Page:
Pick: Indiana


#6 Iowa State vs. #11 Pittsburgh

I don’t really like either of these teams. Iowa State did own Baylor all year but they also struggled against weaker Big 12 opponents. Pittsburgh has an underrated resume and came up big against Mississippi State, but I don’t trust many players on either of these teams to get the job done on a consistent basis. This game could really go either way based on which team’s top players have the better night, but I think the Cyclones are just a little deeper. They may be able to handle it in this one even if Jaren Holmes or Gabe Kalscheur disappoints, but I’m going to go with my gut and take the upset. Pitt has momentum after their last minute victory on Tuesday.

Pick: UPSET ALERT: Pittsburgh

#3 Xavier vs. #14 Kennesaw State

Kennesaw State is lucky to be here. It may seem like the preface for a Saint Peter’s style Cinderella run, but that Peacocks team was on fire in their conference tournament. This team just barely squeaked by Liberty. Xavier may be without Zach Freemantle, but they still have plenty of talent and should be able to stay alive.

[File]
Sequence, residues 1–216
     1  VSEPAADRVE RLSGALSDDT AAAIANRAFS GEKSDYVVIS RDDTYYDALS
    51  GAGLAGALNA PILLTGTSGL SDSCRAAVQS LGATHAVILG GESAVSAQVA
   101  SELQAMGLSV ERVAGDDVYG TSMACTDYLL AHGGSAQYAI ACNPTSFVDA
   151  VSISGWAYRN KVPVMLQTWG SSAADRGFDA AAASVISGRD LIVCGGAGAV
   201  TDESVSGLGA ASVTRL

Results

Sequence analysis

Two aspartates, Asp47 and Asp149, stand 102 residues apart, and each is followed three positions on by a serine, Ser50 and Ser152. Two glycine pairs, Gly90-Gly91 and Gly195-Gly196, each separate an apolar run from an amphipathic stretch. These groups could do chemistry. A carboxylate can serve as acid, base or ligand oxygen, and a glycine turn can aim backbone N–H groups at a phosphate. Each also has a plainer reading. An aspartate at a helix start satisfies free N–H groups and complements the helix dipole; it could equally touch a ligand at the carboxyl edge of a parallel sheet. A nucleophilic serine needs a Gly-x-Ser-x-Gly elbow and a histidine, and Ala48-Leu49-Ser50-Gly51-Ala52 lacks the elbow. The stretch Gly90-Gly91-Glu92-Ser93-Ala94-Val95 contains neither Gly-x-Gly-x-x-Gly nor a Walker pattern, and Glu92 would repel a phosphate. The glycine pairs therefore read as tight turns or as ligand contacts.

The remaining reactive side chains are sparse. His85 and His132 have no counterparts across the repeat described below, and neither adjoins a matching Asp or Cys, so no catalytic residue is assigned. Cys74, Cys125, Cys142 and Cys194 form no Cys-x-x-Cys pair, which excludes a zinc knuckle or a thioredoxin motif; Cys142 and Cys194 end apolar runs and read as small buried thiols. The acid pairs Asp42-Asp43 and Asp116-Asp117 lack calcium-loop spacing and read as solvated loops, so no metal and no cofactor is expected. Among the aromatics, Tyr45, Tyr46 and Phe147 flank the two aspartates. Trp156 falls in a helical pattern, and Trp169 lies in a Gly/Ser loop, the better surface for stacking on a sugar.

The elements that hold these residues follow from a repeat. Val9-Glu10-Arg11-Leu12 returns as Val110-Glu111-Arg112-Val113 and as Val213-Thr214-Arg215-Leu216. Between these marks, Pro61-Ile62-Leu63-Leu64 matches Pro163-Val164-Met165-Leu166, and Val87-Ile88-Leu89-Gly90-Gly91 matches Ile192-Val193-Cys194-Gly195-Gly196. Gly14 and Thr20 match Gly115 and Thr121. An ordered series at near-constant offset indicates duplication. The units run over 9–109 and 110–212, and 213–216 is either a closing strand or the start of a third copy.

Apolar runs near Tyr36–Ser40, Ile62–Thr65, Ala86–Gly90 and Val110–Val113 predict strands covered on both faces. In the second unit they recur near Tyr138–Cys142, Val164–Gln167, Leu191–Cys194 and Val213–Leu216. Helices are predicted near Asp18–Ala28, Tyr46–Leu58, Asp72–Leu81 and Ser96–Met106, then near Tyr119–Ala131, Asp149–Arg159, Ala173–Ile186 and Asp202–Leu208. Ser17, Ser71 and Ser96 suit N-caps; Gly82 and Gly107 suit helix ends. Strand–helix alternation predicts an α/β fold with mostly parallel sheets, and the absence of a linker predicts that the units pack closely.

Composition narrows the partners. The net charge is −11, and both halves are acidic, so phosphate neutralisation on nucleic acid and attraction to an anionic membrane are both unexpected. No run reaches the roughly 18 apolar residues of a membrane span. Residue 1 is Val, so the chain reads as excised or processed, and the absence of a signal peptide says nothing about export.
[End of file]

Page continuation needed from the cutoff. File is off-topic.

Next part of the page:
Pick: Xavier

Des Moines

#7 Texas A&M vs. #10 Penn State

Many say both these teams are under-seeded, and I would agree, but this matchup is getting a little overhyped. Penn State is hot at the right time and the duo of Jalen Pickett and Seth Lundy will bring the excitement, but the Nittany Lions lack depth behind them. Texas A&M has definitely exceeded my expectations, and the run all the way to the SEC Championship was impressive. I do think the team is a bit overhyped though, they got lucky over the course of that path to the title game and avoided facing Kentucky after their loss to Vandy. I’ll still take them in this one since they’re deeper than Penn State.